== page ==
A wave of government layoffs in September outpaced weak hiring in the private sector, pushing down the nation’s payrolls by a net total of 95,000 jobs.
The unemployment rate held at 9.6 percent last month, the Labor Department said Friday. The jobless rate has now topped 9.5 percent for 14 straight months, the longest stretch since the 1930s.
The report is the final one before the November elections, which means members of Congress will face voters next month who are frustrated with an economy that is still struggling to create jobs.
The figure that may matter most is 18,000 — the number of positions lost after subtracting the 77,000 temporary census jobs that ended in September. That marks the first loss for that grouping since last December, according to economists at Nomura Securities.
Another troubling sign is a sharp rise in people working part time who would prefer full-time work. Their ranks have increased by nearly 1 million since July and total 9.5 million, the most on records dating from 1955.
When adding that to the 14.8 million unemployed and the 2.5 million who have stopped looking for work, there are a startling 26.8 million Americans who are “underemployed.” That’s 17.1 percent of Americans who want to work.
Government job losses led the declines in September. A net total of 159,000 public-sector jobs were eliminated. Local governments cut 76,000 jobs last month, most of them teachers. That’s the largest cut by local governments in 28 years. States cut 7,000 jobs. The rest were census jobs.
The private sector is not compensating for those losses. Companies added only 64,000 jobs. That’s the fifth straight month of weak private hiring. And it’s roughly half the pace needed simply to keep up with population growth and hold down the jobless rate.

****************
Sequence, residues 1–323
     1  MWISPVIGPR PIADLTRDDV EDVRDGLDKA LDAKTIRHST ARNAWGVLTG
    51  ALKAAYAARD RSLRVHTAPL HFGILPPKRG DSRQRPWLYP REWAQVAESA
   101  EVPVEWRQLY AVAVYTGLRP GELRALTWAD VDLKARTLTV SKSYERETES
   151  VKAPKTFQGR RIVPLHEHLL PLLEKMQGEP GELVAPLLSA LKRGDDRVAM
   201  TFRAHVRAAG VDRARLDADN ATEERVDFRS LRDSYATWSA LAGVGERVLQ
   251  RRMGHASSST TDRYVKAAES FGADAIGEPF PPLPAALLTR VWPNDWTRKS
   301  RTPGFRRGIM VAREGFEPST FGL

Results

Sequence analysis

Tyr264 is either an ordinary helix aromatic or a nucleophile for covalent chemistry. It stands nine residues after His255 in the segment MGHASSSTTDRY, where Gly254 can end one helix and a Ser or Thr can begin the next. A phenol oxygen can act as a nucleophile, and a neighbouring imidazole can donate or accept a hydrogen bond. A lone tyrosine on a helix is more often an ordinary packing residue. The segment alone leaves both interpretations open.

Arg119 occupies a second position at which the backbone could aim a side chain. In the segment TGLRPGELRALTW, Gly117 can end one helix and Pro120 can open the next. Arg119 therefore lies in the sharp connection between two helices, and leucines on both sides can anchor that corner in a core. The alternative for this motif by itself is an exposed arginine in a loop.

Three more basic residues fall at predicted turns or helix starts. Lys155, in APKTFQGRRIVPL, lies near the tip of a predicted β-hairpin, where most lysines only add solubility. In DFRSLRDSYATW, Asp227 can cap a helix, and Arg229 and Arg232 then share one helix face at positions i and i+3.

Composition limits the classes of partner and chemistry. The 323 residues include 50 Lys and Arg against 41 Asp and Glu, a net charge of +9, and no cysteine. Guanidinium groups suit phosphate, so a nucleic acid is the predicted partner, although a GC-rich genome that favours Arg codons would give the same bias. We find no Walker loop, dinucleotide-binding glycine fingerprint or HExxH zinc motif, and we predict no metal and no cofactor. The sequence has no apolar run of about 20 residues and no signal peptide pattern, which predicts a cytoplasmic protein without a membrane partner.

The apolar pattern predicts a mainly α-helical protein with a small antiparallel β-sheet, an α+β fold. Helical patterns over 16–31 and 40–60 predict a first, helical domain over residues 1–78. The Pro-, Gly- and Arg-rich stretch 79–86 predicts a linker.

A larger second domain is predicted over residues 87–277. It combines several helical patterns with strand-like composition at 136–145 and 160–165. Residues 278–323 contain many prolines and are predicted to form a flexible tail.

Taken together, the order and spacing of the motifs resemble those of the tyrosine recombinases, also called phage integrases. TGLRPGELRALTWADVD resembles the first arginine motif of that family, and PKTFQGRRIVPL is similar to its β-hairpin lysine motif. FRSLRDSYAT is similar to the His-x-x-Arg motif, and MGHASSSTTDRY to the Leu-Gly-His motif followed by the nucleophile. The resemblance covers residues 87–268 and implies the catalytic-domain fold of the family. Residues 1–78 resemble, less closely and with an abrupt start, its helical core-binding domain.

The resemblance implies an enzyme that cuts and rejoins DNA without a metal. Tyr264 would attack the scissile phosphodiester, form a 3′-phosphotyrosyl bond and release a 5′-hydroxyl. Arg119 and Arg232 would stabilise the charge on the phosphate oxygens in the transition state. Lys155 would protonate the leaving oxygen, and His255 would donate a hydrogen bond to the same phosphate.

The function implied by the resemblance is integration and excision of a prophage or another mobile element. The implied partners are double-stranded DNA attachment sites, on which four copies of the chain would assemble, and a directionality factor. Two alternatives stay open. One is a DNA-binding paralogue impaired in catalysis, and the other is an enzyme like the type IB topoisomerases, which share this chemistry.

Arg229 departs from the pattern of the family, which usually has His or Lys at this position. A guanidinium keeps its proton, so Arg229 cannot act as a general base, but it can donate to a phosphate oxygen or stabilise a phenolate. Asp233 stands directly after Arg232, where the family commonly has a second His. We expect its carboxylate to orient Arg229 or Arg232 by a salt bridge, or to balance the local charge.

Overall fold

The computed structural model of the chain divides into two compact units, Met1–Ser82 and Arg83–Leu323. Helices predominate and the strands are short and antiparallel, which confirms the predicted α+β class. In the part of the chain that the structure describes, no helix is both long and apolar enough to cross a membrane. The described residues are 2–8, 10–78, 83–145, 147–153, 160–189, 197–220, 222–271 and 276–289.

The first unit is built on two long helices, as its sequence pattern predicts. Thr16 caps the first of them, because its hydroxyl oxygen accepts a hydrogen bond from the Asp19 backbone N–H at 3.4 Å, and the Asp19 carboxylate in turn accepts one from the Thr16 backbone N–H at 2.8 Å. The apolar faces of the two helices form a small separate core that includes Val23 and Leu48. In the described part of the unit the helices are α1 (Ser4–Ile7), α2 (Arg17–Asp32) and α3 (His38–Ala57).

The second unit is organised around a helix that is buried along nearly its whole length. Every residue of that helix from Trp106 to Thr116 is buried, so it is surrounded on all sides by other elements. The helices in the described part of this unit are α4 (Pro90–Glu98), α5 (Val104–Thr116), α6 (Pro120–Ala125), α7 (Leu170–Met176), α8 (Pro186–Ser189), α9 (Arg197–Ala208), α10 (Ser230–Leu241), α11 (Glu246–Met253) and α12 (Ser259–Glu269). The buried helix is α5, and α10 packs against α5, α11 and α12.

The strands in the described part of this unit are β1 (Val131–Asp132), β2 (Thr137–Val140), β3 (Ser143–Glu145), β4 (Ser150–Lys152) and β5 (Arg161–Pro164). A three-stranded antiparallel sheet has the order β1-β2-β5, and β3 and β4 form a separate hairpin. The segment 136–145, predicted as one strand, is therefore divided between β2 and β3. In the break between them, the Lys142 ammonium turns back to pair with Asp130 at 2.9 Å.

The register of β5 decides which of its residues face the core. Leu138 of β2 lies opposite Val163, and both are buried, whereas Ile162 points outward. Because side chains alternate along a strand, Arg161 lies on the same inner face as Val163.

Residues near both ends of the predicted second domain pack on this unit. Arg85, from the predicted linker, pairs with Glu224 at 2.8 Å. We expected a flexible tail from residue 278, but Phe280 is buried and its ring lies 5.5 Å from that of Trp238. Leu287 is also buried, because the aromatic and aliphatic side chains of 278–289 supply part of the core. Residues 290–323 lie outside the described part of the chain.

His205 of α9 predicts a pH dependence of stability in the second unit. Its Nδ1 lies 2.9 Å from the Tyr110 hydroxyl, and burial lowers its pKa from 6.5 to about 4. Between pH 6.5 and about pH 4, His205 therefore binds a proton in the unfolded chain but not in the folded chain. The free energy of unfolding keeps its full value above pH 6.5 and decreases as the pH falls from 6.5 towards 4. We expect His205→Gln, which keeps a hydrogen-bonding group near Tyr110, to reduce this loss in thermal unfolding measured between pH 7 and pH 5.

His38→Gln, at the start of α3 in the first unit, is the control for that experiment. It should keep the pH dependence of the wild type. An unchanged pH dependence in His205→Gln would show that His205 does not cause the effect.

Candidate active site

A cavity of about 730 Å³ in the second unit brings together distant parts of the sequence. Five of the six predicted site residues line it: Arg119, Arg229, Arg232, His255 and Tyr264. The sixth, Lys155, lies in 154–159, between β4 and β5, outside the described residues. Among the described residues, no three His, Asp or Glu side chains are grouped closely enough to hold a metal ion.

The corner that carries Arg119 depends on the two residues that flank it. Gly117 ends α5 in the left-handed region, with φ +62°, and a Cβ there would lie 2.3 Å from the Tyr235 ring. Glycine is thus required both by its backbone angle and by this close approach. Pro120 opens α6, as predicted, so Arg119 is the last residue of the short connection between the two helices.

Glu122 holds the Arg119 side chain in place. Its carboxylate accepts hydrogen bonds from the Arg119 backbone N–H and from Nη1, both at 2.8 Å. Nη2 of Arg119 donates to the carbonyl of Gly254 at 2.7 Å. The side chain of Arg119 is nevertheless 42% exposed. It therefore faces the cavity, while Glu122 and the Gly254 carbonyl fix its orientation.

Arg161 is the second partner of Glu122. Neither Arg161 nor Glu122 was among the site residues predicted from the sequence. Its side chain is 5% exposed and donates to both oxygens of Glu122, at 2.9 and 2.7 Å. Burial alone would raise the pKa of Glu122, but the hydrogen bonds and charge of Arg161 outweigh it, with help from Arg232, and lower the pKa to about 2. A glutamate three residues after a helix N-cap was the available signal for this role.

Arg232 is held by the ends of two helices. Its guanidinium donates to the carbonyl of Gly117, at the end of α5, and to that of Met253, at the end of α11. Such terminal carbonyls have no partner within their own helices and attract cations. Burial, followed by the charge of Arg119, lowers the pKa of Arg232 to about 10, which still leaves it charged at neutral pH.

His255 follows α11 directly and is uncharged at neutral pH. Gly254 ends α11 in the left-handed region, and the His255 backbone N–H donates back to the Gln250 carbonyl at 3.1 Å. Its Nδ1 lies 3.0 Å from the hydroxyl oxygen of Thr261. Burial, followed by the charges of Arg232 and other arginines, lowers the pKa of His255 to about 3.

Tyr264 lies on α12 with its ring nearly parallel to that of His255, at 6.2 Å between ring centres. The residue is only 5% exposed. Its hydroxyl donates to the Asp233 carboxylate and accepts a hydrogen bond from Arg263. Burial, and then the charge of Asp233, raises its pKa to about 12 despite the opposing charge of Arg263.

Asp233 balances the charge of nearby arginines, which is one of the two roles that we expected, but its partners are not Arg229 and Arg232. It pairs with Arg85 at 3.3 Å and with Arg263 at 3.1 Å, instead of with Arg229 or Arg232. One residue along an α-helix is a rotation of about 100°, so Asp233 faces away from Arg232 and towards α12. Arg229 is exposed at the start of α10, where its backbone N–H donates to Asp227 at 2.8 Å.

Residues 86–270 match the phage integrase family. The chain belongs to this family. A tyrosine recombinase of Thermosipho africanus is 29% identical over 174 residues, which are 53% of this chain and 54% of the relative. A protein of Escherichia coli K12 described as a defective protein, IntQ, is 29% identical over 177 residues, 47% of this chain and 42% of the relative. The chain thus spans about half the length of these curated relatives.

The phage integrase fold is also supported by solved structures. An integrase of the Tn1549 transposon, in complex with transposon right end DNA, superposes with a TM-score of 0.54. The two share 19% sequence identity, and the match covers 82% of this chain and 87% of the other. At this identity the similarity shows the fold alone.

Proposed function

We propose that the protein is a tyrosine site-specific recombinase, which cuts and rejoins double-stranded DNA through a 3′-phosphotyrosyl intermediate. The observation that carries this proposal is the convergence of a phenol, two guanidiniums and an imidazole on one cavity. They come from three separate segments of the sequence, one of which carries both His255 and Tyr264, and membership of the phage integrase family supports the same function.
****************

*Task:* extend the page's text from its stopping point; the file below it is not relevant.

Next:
“The labor market remains far too weak to raise confidence among consumers, lift spending and in turn spur businesses to step up hiring,” Sophia Koropeckyj, an economist at Moody’s Analytics, wrote in a note to clients.
The local government job losses reflect the toll the recession is taking on state and local government budgets. Falling home values are just beginning to push down local governments’ property tax revenues. Most state and local governments are required to balance their budgets, which means drops in revenue are forcing cuts in services.
Local officials say more cuts are coming. The National League of Cities projects that local governments will cut 480,000 jobs this year and next. More jobs will be lost among private companies that do business with cities.
The weak job market makes it more likely that the Federal Reserve will take additional steps to boost the economy. Most economists expect the Fed to decide at its meeting next month to buy government debt in an effort to lower interest rates and spur more borrowing.
That expectation enabled investors to take the jobs report in stride. The Dow Jones industrial average rose 29 points in midday trading. Other indexes were mixed.
Even areas of the economy that were strong earlier this year are weakening.
Manufacturers cut 6,000 jobs, the second straight month of losses. The sector drove job growth after the recession ended, adding 134,000 positions in the first five months of 2010. But factory employment has been flat since then.
Construction firms cut another 21,000 jobs, hampered by weakness in commercial real estate development. Information services lost 5,000 positions.
Some sectors showed job gains. For example, the health care industry added 32,000 jobs.
But most of the new jobs don’t necessarily pay well. The leisure and hospitality sector added 38,000 jobs — many in bars and restaurants. Retailers added 5,700. Temporary help services hired nearly 17,000 workers.
Anemic job growth is also holding down wages. Average hourly earnings rose by just a penny in September and are up only 1.7 percent in the past year.
Employers, faced with slow sales and a weak economy, see little reason to ramp up hiring. The economy expanded at a feeble 1.7 percent annual rate in the April-June quarter. Most analysts think the economy will fare little better for the rest of this year.
Since the recession ended in June 2009, the economy has grown 3 percent, according to economists at Deutsche Bank. That’s less than half the average 6.5 percent pace in postwar recoveries.
The department said the economy shed 15,000 more jobs in July and August than previously estimated.
The government also issued a preliminary estimate of its annual revision to the jobs data. The revision is made after examining unemployment insurance tax records. The department said the revision is likely to show the economy lost 366,000 more jobs that it previously thought in the 12 months ending in March 2010.